Osteoarthritis -- Symptoms
Symptoms of Osteoarthritis

If you are experiencing stiffness, pain, or swelling in your joints that makes routine daily tasks difficult, you may have osteoarthritis. The joints that are most often affected by osteoarthritis include the knees, hips, back, neck, toes, and fingers. The disorder often develops in only one or two joints at first. See your doctor if you have any of the following symptoms that last for more than 2 weeks:


The pain from osteoarthritis can be deep and aching in or near the affected joint. The pain can come and go and increase or decrease in severity, depending on the time of day or type of activity you are engaged in. The pain may be worse after you overuse your joints, such as by exercising excessively, or after long periods of inactivity. Many people who have osteoarthritis have the most pain in the morning, after resting their joints all night. They usually need a little time to "loosen up" their stiff joints before they can move them comfortably.

If you have osteoarthritis, you may not feel the pain right at the affected joint, but in an area nearby. For instance, if your hip is damaged by arthritis, you may feel pain in your thigh, groin, buttocks, or knee. Pain from arthritis in your spine can radiate to your neck, arms, or legs. Your lower back may be stiff and your arms and legs may feel weak or even numb. If this weakness or numbness is severe or persistent, see your doctor immediately; you may have nerve damage. Nerve damage can often be treated at an early stage.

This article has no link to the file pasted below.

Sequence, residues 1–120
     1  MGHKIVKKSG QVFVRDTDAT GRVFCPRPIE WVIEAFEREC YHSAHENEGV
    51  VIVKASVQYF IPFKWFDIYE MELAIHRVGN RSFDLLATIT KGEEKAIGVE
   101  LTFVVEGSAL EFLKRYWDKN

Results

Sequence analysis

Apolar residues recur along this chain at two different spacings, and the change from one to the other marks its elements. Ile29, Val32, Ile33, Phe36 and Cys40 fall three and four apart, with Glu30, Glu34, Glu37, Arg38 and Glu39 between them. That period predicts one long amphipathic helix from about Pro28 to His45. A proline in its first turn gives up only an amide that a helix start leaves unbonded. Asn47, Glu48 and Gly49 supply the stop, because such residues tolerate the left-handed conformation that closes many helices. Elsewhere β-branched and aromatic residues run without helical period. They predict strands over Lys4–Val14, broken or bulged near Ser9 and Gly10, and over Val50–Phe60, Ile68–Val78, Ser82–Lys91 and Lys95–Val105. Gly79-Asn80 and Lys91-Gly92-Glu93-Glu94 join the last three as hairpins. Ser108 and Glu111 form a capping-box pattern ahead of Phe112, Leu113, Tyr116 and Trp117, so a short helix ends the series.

In your fingers, arthritis can make the joints red, swollen, tender, and aching and your fingertips numb or tingly. If you have arthritis in your knees, bending them can be painful; you may feel rubbing or grating inside your knees or pain when you walk up or down stairs.

Joints affected by osteoarthritis change as the disease progresses, mostly in response to breakdown of the protective cartilage at the ends of the bones. Total destruction of the cartilage can cause severe pain from the constant rubbing of bone against bone.


Swelling occurs in the joint when the tender lining of the joint (the synovial membrane) becomes irritated and produces fluid that collects inside the joint. As more cartilage wears away, growths may form on the ends of the bones. These bony growths can make the joint look knobby and swollen.

Crackling sounds

You may hear a crackling sound when you move your joint. In most cases, this crackling may be related to normal gases moving inside the joint. In severe cases, it may result from bone rubbing against bone.

Mild inflammation

Inflammation in a joint causes swelling, redness, warmth, and tenderness. Doctors don't know for sure what causes the inflammation.

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